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Asia
5:11 am
Wed June 4, 2014

25 Years Later, Tiananmen Square Is A Forbidden Subject In China

Originally published on Wed June 4, 2014 8:32 am

Immediately following the crackdown, the government began a long-term campaign of suppression. Even today, many believe the government's goal is to erase the historic event from the nation's memory.

Sweetness And Light
3:39 am
Wed June 4, 2014

Will A Triple Crown Win Save Horse Racing? Don't Bet On It

Even if California Chrome wins Saturday's Belmont Stakes, most Americans are too disconnected from horses to flock to the race track, says commentator Frank Deford.
Al Bello Getty Images

Originally published on Wed June 4, 2014 8:32 am

At the start of a movie these days, how often do you read: "Based on a true story?" But if a movie was made about California Chrome, whether or not the horse wins the Belmont Stakes on Saturday, it would read: "Based on a dream."

Because the colt — of the most undistinguished heritage, bred by neophytes and trained by a kindly septuagenarian –– well, the whole thing is a ridiculous reverie.

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Education
3:37 am
Wed June 4, 2014

As Banks Open In Schools, A Chance For Students To Learn To Save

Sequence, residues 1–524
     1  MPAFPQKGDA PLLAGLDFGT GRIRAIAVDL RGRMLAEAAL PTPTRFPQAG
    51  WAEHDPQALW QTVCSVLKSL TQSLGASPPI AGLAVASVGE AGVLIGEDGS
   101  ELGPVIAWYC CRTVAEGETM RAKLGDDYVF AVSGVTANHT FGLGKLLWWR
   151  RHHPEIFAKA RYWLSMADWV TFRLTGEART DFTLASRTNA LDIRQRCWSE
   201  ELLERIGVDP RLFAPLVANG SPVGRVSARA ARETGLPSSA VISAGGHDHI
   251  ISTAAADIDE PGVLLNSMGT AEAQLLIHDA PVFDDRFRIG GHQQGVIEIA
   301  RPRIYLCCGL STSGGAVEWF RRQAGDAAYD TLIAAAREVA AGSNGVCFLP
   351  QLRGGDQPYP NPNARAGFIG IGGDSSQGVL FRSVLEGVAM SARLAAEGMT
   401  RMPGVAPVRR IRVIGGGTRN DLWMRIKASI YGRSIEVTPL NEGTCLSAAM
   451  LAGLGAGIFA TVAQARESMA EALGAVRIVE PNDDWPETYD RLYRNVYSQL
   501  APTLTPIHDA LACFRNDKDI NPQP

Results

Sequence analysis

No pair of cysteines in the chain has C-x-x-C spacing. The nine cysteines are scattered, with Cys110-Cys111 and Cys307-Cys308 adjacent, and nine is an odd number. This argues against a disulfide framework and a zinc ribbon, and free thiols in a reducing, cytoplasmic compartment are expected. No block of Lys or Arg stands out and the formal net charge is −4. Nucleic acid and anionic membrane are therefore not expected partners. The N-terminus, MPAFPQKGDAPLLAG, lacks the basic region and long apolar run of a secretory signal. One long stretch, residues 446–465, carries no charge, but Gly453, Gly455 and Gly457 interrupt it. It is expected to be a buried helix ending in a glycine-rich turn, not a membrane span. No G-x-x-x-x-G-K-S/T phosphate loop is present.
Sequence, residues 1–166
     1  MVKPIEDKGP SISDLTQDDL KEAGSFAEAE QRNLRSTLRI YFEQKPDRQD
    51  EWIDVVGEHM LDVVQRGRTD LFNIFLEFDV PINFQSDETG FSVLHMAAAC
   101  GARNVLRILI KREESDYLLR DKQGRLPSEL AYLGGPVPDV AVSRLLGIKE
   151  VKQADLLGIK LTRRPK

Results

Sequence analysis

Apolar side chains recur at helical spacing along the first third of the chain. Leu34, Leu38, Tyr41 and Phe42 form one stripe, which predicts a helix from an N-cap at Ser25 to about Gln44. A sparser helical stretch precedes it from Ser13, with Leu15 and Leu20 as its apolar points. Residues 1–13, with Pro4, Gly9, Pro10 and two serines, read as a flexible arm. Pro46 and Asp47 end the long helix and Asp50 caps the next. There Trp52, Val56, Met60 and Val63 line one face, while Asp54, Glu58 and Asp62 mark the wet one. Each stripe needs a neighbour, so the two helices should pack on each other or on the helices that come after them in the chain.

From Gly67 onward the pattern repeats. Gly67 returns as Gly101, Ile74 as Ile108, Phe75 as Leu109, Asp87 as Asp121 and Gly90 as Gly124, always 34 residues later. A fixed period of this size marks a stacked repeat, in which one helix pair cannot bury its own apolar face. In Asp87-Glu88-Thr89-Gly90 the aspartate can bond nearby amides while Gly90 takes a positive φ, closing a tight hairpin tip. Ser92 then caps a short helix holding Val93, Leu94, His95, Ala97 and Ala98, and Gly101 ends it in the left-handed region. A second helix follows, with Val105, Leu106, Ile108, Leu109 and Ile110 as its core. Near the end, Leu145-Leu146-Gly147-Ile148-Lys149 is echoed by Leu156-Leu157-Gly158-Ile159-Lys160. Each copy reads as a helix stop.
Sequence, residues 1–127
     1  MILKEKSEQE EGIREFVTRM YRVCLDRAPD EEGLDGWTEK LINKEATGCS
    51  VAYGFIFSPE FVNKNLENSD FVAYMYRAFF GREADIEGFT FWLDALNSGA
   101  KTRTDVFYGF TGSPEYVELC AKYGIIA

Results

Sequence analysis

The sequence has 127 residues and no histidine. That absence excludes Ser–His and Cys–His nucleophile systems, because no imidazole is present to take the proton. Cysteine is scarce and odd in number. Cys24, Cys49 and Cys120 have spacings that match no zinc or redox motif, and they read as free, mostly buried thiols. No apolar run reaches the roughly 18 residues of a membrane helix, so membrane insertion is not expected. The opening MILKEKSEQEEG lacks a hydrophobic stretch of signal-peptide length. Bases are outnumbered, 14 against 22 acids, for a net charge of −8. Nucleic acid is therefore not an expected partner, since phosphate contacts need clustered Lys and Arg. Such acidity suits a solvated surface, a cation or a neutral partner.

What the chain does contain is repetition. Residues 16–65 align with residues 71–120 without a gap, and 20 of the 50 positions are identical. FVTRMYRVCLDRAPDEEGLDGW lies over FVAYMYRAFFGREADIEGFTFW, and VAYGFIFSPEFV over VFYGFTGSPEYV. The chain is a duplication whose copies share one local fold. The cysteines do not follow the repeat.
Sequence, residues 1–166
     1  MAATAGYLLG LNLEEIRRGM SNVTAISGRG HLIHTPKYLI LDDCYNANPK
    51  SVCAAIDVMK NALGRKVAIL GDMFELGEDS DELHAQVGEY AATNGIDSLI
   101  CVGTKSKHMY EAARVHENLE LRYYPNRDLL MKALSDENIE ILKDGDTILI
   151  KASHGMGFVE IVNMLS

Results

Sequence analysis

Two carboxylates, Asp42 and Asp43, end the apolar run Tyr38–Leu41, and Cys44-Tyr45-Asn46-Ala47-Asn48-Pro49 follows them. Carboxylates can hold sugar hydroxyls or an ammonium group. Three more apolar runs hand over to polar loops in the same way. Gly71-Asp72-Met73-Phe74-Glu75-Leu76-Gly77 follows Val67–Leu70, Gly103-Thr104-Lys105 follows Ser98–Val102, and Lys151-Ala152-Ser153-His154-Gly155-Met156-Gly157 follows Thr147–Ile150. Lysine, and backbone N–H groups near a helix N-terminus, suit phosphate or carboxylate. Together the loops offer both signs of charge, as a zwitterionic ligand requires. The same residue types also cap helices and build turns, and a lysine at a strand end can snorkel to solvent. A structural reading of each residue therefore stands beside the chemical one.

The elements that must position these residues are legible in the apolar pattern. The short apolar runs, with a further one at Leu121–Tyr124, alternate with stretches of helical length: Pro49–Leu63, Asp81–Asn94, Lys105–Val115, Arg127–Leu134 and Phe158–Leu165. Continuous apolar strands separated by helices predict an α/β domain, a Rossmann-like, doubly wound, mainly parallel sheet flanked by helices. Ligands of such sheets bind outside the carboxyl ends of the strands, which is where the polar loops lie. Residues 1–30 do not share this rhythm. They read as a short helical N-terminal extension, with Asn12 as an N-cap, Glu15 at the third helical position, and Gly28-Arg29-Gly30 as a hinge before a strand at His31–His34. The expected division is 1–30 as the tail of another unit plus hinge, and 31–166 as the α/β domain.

At a student-run Union Bank branch located inside Lincoln High School in Los Angeles, Calif., students can build credit and learn about finances with their real money.
Alexandra Schmidt NPR

Originally published on Wed June 4, 2014 11:20 am

Wearing a red Union Bank polo shirt, high school senior Jerry Liu politely helps a peer with a bank deposit. With a waiting area and even a decorative plant on the table, this could be any bank branch — but right outside this island of adulthood are the hallways of Lincoln High School in Los Angeles.

This is one of three student-run Union Bank branches in California. They're all located in low-income, immigrant-heavy neighborhoods. You can only bank here if you're a student, teacher or parent, but these are real accounts handling real money.

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Parallels
3:26 am
Wed June 4, 2014

As Myanmar Modernizes, Architectural Gems Are Endangered

At the center of Yangon, the city's colonial heritage, Buddhist faith and emerging modern face are visible in a single block.
Frank Langfitt NPR

Originally published on Wed June 4, 2014 11:08 am

Decades of socialism and military rule kept Myanmar — or Burma, as it was known — poor and isolated.

There was one upside, though. The economy was so lousy, there was no drive to demolish the big British colonial buildings in Yangon, Myanmar's largest city, and replace them with the glass and steel towers that now define much of the skylines in East Asia.

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It's All Politics
7:13 pm
Tue June 3, 2014

Move Over Benghazi; Here Comes Bergdahl

Bob and Jani Bergdahl, the parents of freed American soldier Bowe Bergdahl, with President Obama at the White House on Saturday. The controversy over Bergdahl's release could cast a long shadow over the administration.
Carolyn Kaster AP

Originally published on Tue June 3, 2014 7:42 pm

Just when it seemed like the outrage on the political right over Benghazi had subsided to the point where only the announcement of House hearings put it back in the headlines, the exchange of captive U.S. soldier Bowe Bergdahl for five senior Taliban fighters at Guantanamo Bay came along.